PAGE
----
An SQL Injection attack occurs when the recipient page takes the XYZ in the URL and makes a query with the database without verifying first that it doesn’t contain any additional and unexpected nasties.

How do I stop Injection attacks?

The key is that every time you retrieve a variable which you intend on passing to the database, check that it is in the expected format. Usually a product ID would be numeric, and not include any other characters. A date might be in the dd/mm/yyyy format. Once you have predetermined what format you expect each variable to be in, create a rule to check it prior to submitting it to the database – and if it fails stop the process.

I know what format I expect it to be in, but how do I check it?

The PHP code preg_match is probably the best method as it allows you very specific controls.

The following would check the variable $input for a date in the format yyyy-mm-dd. If there are any other characters, the page would be redirected to a page where no database queries are made, so stopping the threat.

if (!preg_match(‘/^[\-+]?[0-9]*\-?[0-9]*\-?[0-9]+$/’, $input)) {
header(“Location: http://www.examplewebsite.com/404redirect.php);
exit;
}

The following test just allows numeric characters, any number of them, but anything else kicks it out:

if (!preg_match(‘/^[\-+]?[0-9]+$/’, $input))

You can also allow alphabetical characters, in the following case any character in either upper or lower case:

if (!preg_match(‘/^[\-+]?[a-zA-Z]*+$/’, $input))

There are plenty of guides on the Internet about how to use preg-match()

Simplify the process

You will probably find that you use one or two formats a lot, so create a function where you pass the variable and the type of format expected, then each time you retrieve a variable run it through your function to verify it is of the expected format.

 

 

 

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Networking groups

Last year I became involved with the Homeworking Alliance, a networking group for homeworkers.

At the time it had only recently been founded and was being run on a voluntary basis by Jane Giffard-Tiney. It’s now  been put on a more professional footing and is expanding, with groups in Lutterworth, Kettering and I think Leicester all pending.

Within Market Harborough there are A LOT of networking groups, but the majority of them suffer from the same obstacles to me joining – the first and biggest is that they meet for breakfast once a week or every other week from 7-9 am. As I’m responsible for the getting the kids off to school and nursery that is a non-starter.

They also invariably insist on only one person per industry joining, so they’ll have one accountant, one lawyer etc etc. The idea is that all members are constantly on the lookout for referals for other members of the group and they don’t want any conflict of interest.

From a business perspective I can see this being potentially rewarding – you turn up to a meeting of 10-15 people and each of them is supposed to give you a business lead each week (although you have to return the favour), so I would consider doing it if I could, but personally I think it is short-sighted – I am not sure that I would be able to provide leads for all those other members each and every week so likewise you have to question whether the quality of leads received would be any good; in addition I would prefer to compete with other companies on an equal footing,  if there is another company doing what I do and they can offer a better or cheaper service to a customer then good luck to them.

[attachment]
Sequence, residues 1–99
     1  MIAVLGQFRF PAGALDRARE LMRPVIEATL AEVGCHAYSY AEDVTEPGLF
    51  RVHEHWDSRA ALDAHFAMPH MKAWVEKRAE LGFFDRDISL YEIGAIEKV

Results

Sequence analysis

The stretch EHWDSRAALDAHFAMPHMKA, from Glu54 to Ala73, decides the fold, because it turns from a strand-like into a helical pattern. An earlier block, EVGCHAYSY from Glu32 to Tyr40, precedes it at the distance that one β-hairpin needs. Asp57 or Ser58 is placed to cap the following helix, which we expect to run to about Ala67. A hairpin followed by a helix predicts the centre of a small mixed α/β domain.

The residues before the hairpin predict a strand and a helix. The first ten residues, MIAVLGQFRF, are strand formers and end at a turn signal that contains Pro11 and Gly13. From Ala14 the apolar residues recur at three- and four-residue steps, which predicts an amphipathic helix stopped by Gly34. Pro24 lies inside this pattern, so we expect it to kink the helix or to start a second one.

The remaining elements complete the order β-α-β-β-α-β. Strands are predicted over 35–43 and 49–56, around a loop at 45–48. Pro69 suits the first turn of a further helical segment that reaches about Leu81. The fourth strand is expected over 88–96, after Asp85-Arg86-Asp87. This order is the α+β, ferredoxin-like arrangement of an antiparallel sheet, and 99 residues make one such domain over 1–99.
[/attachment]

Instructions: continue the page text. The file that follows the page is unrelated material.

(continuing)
Besides the Homeworking Alliance I am also a member of the Market Harborough Chamber of Commerce, (which tends to meet 7-9 pm) which is also very good. Both groups are informal and friendly and both have provided me with business leads.

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auto-responder – the saga continues!

Aggrr..

I set up my autoresponder as per previous posts, everything worked a charm until… my email client decided to start downloading all previously downloaded emails – it didn’t actually get that far as two days later it was still calculating the size of the download.

Either way, I had two days worth of emails not downloaded and therefore not responded to. There must be a more foolproof system than this?!

Other than that, the everything else worked a charm..

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Groundwire softphone

We went to Marrakech in Morocco during half term – I was on call and had checked with 02 prior to leaving that my phone would work, which apparently it would albeit at a cost: 81p a minute to call the UK and 50 something pence a minute to receive calls.

The plan however was to use Groundwire, which is a ‘softphone’, i.e. a software based phone using Voice Over IP to make and receive calls, rather than using the 02 network. You need a VOIP account to use groundwire and I was using my  Globe2 account – this costs just 1.5p a minute to make calls and nothing to receive.

Once in Marrakech I was very pleased to have this functionality, not just because of the cost but because I had zero signal the entire time I was there! In hindsight I think if I’d rebooted my phone it might have connected.

The only issue then was accessing the Internet, as Maarrakech isn’t the most digital place you’ve ever been to. Initially we managed to find an Internet cafe with an unsecure wifi connection, so we stood in the street (which was very noisy with motorbikes, donkeys, cyclists, pedestrians and cars all trying to squeeze through a narrow single lane space) but eventually found out that if we stood in a specific spot in our Riad (hotel) we could get a connection in piece and quiet – and like this it worked a charm, I had a few issues I had to deal with but still managed to enjoy my time away.

Groundwire is for the iPhone and is OK, the call quality was absolutely fine but I find it a bit clunky receiving calls. Jo’s Blackberry uses a different softphone which seems a lot more intuitive, I’ll be posting a review on this soon on Globe2 (along with a new site soon!)

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new-look twitter

Is it me or is this not working?
I tried it in both Firefox and IE but all I get is a header bar with a blank page. IE brings up page errors: